As I stand in the backyard, weighing my options, I envision myself tripping over something, as I run from the angry-ninja-wasps like a maniac. Looks like it'll be a morning mission.

I wake up in the morning, eager to start my mission. It's only 10am, but it already feels like 30 degrees outside. I sip a cup of coffee, pondering the outcome of the mission. I could be stung a million times, my anxiety tells me. No, I reason back, I can run pretty fast if I need to.

I pick up my weapon of choice. I carefully twist the plastic tube onto the can, and it's ready to go. I toy with the trigger - testing to make sure it's going to work when I get to the battleground. The foam rises to the top of the tube immediately. I'm ready to go.

I plan to spray the foam into the hole; in a matter of minutes the foam will expand more than twice it's size, totally filling the entrance the wasps have created in my brick. It'll harden quickly, and their fate will be sealed.

I'm jittery from the coffee; maybe it's the anticipation and adrenaline, or both. I carefully eye my escape route. I need to be prepared for a counter-attack.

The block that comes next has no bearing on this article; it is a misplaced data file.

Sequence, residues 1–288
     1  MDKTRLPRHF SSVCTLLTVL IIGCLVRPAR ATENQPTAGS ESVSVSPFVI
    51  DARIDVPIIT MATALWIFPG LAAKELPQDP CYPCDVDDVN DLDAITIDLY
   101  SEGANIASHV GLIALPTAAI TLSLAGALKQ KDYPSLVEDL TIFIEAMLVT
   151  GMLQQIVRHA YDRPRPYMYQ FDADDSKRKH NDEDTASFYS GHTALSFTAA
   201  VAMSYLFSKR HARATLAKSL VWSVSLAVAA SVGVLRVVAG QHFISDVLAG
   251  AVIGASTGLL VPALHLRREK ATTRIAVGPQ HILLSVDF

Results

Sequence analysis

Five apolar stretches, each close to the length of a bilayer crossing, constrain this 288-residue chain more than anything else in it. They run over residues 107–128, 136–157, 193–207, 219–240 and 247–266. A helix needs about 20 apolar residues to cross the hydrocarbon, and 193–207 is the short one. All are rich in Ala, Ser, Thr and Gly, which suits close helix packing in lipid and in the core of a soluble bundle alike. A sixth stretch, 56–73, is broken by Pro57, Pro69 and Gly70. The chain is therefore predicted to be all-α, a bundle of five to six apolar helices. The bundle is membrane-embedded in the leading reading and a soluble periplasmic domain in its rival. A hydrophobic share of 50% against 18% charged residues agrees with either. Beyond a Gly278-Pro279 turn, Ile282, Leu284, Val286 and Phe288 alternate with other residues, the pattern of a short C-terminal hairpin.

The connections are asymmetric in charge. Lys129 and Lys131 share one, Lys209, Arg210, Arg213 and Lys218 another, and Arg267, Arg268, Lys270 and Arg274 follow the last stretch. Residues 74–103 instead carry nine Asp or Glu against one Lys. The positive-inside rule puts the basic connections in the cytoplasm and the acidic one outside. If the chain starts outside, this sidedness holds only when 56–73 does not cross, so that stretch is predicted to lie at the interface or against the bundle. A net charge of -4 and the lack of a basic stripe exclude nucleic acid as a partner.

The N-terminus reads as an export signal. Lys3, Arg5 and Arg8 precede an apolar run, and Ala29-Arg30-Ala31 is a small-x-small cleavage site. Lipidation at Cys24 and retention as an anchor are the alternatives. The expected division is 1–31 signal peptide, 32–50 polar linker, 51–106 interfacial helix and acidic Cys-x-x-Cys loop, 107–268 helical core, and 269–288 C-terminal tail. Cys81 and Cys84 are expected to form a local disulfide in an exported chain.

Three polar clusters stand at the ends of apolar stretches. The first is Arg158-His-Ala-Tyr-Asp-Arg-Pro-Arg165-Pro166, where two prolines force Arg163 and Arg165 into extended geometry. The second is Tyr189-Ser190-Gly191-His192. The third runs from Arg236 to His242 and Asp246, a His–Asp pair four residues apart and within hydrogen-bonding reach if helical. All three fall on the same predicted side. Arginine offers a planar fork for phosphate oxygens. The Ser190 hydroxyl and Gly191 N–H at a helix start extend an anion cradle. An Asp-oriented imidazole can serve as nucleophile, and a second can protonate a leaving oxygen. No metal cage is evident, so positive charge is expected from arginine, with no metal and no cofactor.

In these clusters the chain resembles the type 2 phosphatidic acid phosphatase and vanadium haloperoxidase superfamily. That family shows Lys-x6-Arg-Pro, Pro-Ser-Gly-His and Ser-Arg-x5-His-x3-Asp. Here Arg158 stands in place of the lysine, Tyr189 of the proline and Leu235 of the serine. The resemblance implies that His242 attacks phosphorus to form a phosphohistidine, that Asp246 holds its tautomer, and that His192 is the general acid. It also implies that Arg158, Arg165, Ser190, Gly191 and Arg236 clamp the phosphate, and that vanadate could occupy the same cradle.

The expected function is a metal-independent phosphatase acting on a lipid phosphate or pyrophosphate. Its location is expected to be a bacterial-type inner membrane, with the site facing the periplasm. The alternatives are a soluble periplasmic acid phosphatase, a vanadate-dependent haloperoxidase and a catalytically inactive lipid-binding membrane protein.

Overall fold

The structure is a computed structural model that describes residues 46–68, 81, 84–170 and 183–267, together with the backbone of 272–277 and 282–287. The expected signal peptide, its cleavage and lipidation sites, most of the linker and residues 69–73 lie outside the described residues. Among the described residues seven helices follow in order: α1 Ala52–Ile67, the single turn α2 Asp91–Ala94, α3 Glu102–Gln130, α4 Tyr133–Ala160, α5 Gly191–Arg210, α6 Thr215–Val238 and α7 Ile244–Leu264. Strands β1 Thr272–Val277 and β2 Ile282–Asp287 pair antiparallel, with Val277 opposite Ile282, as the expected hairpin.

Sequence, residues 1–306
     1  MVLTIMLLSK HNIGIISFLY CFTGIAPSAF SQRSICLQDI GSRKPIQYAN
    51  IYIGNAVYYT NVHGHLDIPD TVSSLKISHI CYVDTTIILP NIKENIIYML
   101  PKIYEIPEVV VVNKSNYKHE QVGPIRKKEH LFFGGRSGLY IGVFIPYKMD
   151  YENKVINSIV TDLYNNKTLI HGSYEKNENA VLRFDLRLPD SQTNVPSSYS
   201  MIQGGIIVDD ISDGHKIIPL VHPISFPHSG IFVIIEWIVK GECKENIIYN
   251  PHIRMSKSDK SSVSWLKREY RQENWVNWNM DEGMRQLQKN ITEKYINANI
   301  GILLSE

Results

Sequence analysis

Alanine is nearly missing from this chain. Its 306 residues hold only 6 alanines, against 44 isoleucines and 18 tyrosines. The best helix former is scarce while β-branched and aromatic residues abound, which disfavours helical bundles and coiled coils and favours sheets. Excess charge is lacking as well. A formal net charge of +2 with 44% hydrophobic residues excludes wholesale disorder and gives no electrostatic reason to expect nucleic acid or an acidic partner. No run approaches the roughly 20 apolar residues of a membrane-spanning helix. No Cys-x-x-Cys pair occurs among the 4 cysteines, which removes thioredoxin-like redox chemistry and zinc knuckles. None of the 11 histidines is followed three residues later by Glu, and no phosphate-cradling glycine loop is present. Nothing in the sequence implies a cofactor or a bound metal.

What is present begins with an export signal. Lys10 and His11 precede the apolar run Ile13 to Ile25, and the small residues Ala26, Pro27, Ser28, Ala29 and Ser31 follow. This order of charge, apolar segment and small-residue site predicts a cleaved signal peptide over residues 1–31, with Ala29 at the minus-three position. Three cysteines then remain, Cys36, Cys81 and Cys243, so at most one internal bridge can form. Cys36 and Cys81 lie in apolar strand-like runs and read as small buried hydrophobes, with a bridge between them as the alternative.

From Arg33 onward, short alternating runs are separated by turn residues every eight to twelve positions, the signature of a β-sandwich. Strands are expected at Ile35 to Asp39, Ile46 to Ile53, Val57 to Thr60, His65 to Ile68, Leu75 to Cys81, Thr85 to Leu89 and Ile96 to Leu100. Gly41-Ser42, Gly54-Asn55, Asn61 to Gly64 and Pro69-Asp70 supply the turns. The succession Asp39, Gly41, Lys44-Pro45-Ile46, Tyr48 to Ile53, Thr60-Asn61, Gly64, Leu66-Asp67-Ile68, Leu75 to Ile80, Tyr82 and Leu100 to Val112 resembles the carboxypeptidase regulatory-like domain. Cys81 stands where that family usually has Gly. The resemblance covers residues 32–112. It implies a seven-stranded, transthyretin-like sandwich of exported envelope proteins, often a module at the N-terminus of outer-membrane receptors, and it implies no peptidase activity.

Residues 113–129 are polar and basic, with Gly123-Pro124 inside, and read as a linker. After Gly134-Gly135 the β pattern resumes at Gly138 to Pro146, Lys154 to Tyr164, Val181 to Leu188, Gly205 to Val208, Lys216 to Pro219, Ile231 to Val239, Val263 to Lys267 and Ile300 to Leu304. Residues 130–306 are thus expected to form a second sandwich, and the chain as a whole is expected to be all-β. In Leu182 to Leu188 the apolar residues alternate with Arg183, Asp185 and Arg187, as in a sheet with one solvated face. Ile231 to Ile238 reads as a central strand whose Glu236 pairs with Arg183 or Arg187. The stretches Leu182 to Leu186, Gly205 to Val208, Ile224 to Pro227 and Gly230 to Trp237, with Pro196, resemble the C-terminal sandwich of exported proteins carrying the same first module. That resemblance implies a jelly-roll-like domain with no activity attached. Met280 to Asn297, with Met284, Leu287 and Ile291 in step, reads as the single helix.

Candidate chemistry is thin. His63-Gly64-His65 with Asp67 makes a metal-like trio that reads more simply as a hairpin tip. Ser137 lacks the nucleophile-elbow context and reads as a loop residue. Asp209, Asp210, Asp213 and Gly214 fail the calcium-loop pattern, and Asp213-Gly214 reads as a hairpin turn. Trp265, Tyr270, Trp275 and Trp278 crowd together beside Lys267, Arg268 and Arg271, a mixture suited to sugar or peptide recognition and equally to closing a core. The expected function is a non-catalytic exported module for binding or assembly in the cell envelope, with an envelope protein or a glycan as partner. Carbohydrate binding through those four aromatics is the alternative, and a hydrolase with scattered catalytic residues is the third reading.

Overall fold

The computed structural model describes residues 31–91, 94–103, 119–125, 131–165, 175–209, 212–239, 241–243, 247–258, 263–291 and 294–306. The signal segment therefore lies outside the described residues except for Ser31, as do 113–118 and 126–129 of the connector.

I ease my way past the rose of sharon, sweat already pouring down my face. I see them. At least 5 or 6 wasps hovering close to the hole. I see one climb out and fly away. My eye twinkles as I anticipate the execution of my plan. So long bees.

I edge closer to the hole, carefully maneuvering past the floating bees. Time slows. I nervously slide the plastic tube into the hole and quickly press the trigger.

*snap!* I've broken the trigger. Looks like I overdid it. I feel a rush of panic and consider making my exit. No, I tell myself, I need to finish this. I notice a smaller trigger on the other side - I quickly test it. Bees are flying around. There's more now, are they angry? I wonder.

The trigger works. I go back to filling the hole, and in seconds I see the yellow foam expanding and pushing out of the brick. It's done.

I stand back from my work and inspect the foam. It's starting to set - maybe the heat of the day is speeding up the process. The bees frantically scour the brick, looking for their entrance, to no avail.

I smile at my handiwork. Victory is mine! I walk through a small cloud of bees, my sense of accomplishment numbing my fear of multiple darts from wasps.

I start the barbeque. Time to start slow cooking some ribs for lunch. My stomach growls just thinking about it. My sister Kat and her boyfriend are coming.

This is a good start to the day, I muse. Food is on the grill, sun's shining, and I just annihilated a whole lotta bees.

If only I had known...


Sue said...

What an ordeal Paul... and may I just say... you are a VERY talented writer!!

Cathy W. said...

This is the first time I've followed / and will follow along with a blog on a regular basis. Paul - you do a great job - it's like following an adventure story. The pictures of the babies are amazing!!! Loved the story about Kristin's Big Heart - so true and we are praying for it to be totally healed to love on you and the babies !!!

Cherylene said...

Nice gas meter! Good thing the bees aren't bother that!